Times article slanted, off base
June 16, 2010
Tuesday’s unbalanced attack on the three state ballot issues deserves a response (“AVH takes stand against tax-relief measures,” June 16, The Aspen Times).
We regret your reporter did not contact our side before repeating many false statements.
The hospital’s advisor, the Special District Association, takes tax money and spends it on politics. The resolution it promoted has many false claims. There is no loss of “$1 billion annually in state taxes.”
Nice round number, but totally false. The income tax rate reduction of one percentage point takes at least 10 years, it can be only 0.1 percent per year, and it occurs only in years when income tax revenue increases more than 6 percent. The state gets a 6 percent revenue increase before taxpayers get a 0.1 percent rate cut; no revenue reduction is possible. Tiny rate reductions over 10 or more years is hardly a “slash.”
Furthermore, your story said that state reduction came from the local property tax Amendment 60 and the borrowing limit Amendment 61. Neither one lowers state revenue one dollar.
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The resolution says school taxes would be cut in half. False. Amendment 60 says state aid must replace 100 percent of the tax relief, again phased in over 10 years, of an amount less than half of school property taxes. Full replacement is also the law now (Amendment 23 and the School Finance Act). Schools will not lose one dollar.
Similarly, the phase down in the vehicle ownership tax over four years will not affect schools. They will get 100 percent state replacement of that revenue as well.
The hospital says there will be no way to repair roads and bridges, but Amendment 61 allows local bonded debt by voter approval. With almost $40 billion in yearly state and local spending, government could also pay cash. They don’t have to borrow money for 30 years to fix potholes, restripe lanes, or pay bureaucrats.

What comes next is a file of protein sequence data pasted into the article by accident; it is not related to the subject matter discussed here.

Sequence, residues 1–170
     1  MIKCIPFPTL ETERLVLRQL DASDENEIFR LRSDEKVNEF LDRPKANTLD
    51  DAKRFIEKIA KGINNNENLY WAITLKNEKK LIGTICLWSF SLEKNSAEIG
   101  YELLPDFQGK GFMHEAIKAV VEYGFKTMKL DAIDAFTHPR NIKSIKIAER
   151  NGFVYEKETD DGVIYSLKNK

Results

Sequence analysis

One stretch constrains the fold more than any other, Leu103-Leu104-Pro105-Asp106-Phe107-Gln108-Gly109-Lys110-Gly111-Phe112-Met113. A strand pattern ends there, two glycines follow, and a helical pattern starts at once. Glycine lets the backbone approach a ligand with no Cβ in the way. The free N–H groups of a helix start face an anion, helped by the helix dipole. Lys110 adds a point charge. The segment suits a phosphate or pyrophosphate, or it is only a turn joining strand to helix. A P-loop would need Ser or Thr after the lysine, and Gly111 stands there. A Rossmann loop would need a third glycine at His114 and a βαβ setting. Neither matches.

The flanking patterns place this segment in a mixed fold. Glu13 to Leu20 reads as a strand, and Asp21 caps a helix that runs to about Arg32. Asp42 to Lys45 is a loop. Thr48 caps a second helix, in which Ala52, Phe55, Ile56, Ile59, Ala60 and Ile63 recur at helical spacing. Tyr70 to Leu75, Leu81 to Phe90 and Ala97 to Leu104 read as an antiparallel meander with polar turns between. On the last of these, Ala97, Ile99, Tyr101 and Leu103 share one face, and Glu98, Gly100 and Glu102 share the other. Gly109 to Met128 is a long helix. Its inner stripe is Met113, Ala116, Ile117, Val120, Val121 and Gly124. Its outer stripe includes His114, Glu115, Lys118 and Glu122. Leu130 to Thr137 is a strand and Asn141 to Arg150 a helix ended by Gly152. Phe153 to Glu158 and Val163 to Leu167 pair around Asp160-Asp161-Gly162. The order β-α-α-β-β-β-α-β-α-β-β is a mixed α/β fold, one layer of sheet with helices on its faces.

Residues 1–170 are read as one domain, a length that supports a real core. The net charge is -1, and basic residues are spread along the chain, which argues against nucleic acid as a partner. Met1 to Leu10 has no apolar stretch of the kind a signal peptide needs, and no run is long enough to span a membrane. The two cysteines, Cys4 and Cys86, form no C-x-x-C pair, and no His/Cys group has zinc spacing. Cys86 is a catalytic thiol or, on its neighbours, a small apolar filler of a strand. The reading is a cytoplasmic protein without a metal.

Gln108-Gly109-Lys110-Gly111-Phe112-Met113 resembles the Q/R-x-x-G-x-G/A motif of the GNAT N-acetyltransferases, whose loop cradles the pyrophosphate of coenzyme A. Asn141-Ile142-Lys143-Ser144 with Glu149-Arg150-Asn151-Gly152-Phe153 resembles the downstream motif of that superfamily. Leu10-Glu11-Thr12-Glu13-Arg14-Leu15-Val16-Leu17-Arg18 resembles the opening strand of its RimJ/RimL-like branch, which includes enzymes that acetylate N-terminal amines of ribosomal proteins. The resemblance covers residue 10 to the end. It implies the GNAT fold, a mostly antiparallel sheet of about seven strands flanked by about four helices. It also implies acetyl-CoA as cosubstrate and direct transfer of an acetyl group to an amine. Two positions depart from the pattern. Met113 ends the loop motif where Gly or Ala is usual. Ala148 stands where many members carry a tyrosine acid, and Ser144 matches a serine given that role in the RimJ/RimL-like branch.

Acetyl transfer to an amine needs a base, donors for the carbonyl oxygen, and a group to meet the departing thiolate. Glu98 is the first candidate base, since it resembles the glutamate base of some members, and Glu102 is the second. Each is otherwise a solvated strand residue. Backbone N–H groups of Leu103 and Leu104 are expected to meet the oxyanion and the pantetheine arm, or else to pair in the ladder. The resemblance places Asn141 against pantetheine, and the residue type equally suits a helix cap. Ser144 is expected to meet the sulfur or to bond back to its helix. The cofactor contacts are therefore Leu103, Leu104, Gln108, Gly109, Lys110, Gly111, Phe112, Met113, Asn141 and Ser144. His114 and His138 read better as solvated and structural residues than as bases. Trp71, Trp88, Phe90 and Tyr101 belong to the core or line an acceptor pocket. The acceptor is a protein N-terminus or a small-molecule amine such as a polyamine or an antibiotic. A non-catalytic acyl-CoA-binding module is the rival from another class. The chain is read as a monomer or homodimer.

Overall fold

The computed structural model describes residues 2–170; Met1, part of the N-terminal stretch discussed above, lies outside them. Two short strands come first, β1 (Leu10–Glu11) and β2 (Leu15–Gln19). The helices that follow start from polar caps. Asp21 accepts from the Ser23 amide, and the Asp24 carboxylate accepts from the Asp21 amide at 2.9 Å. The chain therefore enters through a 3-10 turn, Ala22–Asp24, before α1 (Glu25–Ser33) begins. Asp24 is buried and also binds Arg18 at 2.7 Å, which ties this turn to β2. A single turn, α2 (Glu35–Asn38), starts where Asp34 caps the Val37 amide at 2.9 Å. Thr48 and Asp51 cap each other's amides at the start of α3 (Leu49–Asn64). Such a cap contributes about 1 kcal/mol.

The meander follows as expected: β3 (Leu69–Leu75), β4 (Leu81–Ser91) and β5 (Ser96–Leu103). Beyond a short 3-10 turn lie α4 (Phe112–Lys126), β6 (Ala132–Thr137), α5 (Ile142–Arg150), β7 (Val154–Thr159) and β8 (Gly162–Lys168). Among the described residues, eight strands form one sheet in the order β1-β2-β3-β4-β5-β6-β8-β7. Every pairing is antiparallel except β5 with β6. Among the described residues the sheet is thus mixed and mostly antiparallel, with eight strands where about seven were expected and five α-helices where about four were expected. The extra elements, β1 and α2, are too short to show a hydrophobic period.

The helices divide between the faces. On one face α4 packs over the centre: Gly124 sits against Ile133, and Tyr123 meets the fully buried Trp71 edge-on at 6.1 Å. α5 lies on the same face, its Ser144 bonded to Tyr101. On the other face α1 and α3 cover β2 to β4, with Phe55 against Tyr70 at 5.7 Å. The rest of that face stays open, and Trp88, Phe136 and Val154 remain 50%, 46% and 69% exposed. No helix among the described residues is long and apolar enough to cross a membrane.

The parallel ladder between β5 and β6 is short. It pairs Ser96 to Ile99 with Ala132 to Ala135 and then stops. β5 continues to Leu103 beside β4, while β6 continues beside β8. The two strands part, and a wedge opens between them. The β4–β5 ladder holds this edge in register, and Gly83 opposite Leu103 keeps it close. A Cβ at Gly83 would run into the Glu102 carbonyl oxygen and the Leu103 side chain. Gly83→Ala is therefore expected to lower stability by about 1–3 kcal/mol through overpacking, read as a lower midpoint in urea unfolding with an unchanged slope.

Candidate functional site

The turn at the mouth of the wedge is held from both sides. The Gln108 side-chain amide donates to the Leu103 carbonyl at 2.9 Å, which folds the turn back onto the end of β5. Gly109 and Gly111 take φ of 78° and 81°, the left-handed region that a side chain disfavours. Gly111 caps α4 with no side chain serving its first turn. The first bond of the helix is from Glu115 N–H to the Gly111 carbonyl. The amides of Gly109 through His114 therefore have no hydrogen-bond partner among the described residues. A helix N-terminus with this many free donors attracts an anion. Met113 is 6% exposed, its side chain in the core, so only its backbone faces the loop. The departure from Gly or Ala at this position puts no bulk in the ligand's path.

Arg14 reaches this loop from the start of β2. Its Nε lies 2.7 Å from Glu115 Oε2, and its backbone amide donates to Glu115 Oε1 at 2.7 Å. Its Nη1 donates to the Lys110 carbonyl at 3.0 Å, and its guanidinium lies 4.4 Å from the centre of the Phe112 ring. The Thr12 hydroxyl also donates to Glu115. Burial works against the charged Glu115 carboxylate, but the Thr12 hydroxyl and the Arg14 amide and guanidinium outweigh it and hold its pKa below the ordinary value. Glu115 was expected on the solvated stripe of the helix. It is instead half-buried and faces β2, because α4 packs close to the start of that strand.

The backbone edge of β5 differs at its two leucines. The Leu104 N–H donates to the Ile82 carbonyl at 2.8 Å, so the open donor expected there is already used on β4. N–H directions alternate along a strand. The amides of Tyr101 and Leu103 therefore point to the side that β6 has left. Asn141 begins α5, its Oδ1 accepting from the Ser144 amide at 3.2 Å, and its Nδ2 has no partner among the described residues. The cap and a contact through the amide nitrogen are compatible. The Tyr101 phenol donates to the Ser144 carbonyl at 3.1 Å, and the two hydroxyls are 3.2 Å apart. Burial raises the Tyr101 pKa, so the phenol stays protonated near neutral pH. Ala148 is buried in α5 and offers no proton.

Limiting future government debt to 10 years, not 20 or 30, will save tens of millions in interest costs, which buy nothing. It also curbs the cowardly and immoral practice of overspending, then sending the bill for repayment to our children.
Amendment 61 says, “All current borrowing shall be paid.” Your reporter called that a “suggestion” (?). The hospital says it can’t repay debts overnight. Who asked them to? They just continue their regular payments.
One politicians got it right: “This is going to change the way we do business.” Duh. That’s why people petition government, sir. The status quo of tax-and-borrow-and-spend is no longer acceptable. Let’s make them live on a budget, not a blank check.
Your one-sided article said a broad group of leaders opposes the three issues. Readers should go to our website, cotaxreforms.com, and see the opposition funding of $1 million, 99.8 percent from special interest groups, many out of state, and only 0.2 percent from individuals. See also the link, Fibs by Foes, detailing 14 falsehoods from our opponents. Had your reporter bothered to contact us, or visited that website, she could have written a balanced story.